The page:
Black Caps’ proposed tour of Pakistan for a T20I series will not take place after refusal from New Zealand Cricket (NZC) on Tuesday.
New Zealand will play Pakistan in three Tests, three ODIs and three T20Is from October in the United Arab Emirates (UAE) where the Men in Green have been playing their home cricket since the 2009 terrorist attack on the Sri Lanka cricket team bus in Lahore.
However, the law and order situation in the country has improved immensely in the recent past, which led to Pakistan Cricket Board (PCB) successfully hosting three-T20I series in Lahore and Karachi against International Cricket Council (ICC) World XI, Sri Lanka and West Indies in the last 10 months.
Stuart Law — coach of the West Indies team — also praised the security arrangement during his time in Pakistan in March earlier this year.
"The security has been outstanding," Law had said after the tour. "We were communicated very well about the issues or incidents that may arise here, but we haven't seen any of them. It's a bit daunting for the people outside but once you get here and see it for yourself, you feel more confident. People will still have reservations but from what I've seen here it's more than adequate to make sure that we can get cricket back in Pakistan."
Keeping recent success in mind, PCB requested the Kiwi counterparts to tour the country for the first time in 15 years for a T20I series, but after a month-long wait, NZC rejected the idea citing security reports.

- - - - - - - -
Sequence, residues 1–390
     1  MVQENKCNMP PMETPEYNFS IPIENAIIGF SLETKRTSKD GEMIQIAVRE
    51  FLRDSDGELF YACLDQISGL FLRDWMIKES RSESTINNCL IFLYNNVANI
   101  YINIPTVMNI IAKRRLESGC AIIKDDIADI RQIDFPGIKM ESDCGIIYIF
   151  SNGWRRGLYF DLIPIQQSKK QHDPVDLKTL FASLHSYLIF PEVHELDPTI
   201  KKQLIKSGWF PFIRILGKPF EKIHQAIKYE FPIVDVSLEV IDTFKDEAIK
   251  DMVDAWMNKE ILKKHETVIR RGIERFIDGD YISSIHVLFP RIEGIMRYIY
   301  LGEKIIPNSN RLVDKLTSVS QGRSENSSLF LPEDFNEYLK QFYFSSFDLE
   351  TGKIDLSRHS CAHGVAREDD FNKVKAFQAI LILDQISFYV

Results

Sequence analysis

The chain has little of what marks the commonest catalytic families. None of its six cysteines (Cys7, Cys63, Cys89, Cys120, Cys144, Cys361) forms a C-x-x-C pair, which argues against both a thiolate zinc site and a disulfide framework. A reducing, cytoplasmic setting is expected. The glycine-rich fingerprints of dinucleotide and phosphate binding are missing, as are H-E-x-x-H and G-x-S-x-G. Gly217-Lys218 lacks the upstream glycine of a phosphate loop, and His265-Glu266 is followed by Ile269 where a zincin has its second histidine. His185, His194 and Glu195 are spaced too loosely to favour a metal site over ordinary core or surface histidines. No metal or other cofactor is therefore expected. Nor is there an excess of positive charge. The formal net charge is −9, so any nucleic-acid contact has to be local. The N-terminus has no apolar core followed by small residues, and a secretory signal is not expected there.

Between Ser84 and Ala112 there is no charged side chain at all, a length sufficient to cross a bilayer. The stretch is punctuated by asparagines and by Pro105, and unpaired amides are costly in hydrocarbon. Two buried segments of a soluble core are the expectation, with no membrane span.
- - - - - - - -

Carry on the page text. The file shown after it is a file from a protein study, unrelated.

"At the end of the day it came down to following the advisory and the security reports we'd obtained," NZC Chairman Greg Barclay told NEWSHUB. "There's no doubt they (the PCB) are disappointed. I think they saw a tour by a country like New Zealand as being a great precedent for them to start to build an international programme back in Pakistan. So they're disappointed but they're good guys, we get on really well with Pakistan, and I think they're fully accepting of the decision that we've reached."
Commenting on the decision-making process, Barclay revealed that NZC has taken everything into consideration and believes that the right decision was made.
"I can't comment on the decision process that the West Indies went through, perhaps some of the timings may have been different as well, I just know that we went through a very thorough process and I'm comfortable with the decision that we got to," he explained.